Date: 18 July 2009
Sending your young ones off to preschool is hard for any parent, even when they are kiwi chicks, discovered Associate Minister of Conservation Kate Wilkinson.
The Minister met with New Zealand Conservation Trust staff as they were saying their anxious farewells to the great-spotted kiwi/roroa chicks they had raised from eggs as they left to learn some vital life skills.
“Before these chicks can be released into the wild, they must go into a crèche for the winter to learn how to fend for themselves,” said Ms Wilkinson.
But the team are extra anxious as, in a first for Christchurch, the juveniles are being placed inside the predator-free enclosure at Riccarton Bush. Here they will learn how to forage for food and nest in burrows, until they are big enough to be released into the wild, and the worst of the winter weather has passed.
The kiwi juveniles, range in age from 4-7 months old. They were hatched from eggs recovered from the Hurunui and Hawdon valleys as part of the Bank of New Zealand Operation Nest Egg™ (ONE) programme, sponsored by the BNZ Save the Kiwi Trust.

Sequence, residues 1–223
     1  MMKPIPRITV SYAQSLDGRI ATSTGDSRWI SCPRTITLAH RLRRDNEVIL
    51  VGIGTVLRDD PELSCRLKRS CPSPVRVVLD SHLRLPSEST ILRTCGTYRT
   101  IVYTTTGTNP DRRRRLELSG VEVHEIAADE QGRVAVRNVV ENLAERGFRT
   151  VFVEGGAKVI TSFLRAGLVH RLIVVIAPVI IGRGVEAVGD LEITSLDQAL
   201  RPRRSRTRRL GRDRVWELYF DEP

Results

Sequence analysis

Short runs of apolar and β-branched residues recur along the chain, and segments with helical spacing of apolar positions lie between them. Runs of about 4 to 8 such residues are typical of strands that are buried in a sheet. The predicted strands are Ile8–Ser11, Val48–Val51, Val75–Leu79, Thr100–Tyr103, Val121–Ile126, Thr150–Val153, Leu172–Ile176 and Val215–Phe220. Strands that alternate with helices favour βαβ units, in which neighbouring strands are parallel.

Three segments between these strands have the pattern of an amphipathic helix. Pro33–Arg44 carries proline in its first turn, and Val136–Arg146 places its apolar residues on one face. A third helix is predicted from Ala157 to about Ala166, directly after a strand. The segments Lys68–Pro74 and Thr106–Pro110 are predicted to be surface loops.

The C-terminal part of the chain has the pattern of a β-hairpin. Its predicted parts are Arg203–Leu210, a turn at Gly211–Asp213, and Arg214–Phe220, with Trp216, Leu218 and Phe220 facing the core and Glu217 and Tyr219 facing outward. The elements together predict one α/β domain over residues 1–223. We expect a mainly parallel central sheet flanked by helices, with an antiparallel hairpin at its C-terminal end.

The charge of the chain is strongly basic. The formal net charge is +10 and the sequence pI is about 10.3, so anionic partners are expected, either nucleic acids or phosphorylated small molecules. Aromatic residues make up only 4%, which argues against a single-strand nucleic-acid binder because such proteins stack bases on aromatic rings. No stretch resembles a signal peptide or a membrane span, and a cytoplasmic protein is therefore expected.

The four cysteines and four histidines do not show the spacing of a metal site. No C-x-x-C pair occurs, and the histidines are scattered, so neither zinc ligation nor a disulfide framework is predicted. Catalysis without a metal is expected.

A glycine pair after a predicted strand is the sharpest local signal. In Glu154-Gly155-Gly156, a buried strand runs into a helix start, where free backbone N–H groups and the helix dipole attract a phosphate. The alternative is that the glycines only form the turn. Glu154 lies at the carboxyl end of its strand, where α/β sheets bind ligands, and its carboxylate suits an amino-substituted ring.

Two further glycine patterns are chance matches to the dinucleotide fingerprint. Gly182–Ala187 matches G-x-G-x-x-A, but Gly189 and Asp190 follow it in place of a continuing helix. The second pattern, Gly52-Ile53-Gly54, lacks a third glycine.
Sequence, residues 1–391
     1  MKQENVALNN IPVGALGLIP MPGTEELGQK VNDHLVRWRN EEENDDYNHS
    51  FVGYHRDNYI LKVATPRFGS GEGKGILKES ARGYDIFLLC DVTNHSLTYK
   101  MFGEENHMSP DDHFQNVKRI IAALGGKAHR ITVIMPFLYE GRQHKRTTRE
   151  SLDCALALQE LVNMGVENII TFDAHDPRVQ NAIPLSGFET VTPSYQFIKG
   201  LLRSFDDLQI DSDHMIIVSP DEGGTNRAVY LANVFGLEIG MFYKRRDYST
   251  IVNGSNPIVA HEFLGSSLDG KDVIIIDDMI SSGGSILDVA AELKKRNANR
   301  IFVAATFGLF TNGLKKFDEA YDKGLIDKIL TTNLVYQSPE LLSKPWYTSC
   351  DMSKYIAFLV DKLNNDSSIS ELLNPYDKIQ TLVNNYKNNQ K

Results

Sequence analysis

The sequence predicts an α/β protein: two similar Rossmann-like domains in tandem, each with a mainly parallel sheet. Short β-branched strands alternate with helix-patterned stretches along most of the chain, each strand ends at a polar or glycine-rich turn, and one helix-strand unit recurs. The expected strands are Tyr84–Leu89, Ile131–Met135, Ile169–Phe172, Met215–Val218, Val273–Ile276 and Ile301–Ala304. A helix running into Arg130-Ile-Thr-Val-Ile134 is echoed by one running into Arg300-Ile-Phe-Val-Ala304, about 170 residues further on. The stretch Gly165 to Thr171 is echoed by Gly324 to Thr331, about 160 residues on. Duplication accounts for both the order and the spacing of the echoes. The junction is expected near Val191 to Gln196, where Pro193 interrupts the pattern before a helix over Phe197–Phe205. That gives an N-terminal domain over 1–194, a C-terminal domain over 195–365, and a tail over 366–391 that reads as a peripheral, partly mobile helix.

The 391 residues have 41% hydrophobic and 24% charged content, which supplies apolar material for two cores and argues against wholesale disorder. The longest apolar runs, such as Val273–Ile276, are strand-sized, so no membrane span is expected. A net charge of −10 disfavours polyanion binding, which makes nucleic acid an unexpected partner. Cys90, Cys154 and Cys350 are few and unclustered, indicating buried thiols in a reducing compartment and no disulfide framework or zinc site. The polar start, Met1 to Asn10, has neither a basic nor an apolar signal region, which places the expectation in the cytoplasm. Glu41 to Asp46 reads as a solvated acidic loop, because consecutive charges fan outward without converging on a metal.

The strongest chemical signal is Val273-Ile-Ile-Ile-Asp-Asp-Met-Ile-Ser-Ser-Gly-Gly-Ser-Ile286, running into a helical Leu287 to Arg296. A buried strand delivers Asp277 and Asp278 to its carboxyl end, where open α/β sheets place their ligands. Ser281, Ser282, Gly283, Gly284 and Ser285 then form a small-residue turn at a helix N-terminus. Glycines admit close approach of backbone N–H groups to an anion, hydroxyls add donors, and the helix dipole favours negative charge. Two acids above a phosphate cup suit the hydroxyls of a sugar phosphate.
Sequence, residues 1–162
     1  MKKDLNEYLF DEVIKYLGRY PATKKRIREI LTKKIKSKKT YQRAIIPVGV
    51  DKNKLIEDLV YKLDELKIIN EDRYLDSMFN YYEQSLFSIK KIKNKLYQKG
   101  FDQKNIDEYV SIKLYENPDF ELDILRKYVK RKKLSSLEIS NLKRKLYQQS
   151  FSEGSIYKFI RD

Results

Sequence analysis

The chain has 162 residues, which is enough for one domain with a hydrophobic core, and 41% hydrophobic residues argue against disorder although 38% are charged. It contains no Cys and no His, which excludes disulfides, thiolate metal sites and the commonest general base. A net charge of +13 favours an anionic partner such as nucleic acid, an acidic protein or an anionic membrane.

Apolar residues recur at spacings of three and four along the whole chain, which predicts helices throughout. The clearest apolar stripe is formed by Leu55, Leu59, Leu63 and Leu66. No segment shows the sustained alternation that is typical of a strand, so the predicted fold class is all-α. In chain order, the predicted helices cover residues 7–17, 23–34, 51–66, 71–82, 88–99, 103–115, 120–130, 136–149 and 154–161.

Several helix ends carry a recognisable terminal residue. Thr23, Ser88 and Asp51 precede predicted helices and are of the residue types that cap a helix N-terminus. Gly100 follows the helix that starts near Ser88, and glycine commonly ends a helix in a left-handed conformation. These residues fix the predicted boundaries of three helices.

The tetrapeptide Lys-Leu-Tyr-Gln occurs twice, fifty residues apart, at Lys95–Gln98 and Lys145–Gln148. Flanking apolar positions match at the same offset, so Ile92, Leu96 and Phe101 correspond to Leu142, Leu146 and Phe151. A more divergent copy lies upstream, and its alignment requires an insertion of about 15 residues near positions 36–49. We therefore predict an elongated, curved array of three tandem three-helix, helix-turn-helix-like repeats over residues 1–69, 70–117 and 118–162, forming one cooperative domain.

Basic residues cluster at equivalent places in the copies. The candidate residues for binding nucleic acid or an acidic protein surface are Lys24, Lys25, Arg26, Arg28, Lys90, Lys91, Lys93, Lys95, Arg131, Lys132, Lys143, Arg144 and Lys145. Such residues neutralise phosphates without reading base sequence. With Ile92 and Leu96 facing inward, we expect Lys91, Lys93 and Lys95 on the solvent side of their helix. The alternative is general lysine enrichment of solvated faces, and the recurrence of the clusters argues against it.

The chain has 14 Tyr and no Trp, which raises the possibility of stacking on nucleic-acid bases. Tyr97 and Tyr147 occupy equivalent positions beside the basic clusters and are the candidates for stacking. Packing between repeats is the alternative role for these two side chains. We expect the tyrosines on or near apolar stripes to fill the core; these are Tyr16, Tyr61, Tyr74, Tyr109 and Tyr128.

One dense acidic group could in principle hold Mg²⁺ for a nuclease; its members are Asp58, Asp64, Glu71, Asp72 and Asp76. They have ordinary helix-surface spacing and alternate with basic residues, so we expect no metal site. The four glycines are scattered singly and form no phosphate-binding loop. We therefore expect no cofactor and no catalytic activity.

Staff from the New Zealand Conservation Trust incubated and hatched the eggs at their specialist facility at Willowbank Wildlife Reserve.
Once the chicks are large enough to protect themselves from stoats, their primary predator in the wild, they will be released into Arthur’s Pass National Park.
As Riccarton Bush is the only predator-free enclosure in a natural setting in Canterbury, it is being used as a temporary measure. A purpose-designed enclosure is being developed to accommodate increasing numbers of kiwi juveniles in the future.
“The people of Christchurch will be key to the success of this kiwi crèche. We ask all visitors to keep to the tracks and keep all dogs out.
“All kiwi are protected as their populations are in decline, so it’s a real honour to have them virtually in our backyard, but don’t expect to see them during their stay here,” said Ms Wikinson.
“Places for the public to see kiwi in Christchurch include Willowbank, the Southern Aquarium and Orana Wildlife Park.”
Resident Riccarton Bush caretaker John Moore is confident that the enclosure is safe from predators and the public will respect kiwi being there.
“In fact the public will neither see not hear them as they sleep during the day and the enclosure is locked at night when they’ll be out foraging for food.
“Dogs are the biggest threat to these birds as they can easily sniff them out. Kiwi of any age are defenceless against dogs and it would be heartbreaking to lose these young ones before they even get a chance to have a go at surviving in the wild,” said Mr Moore.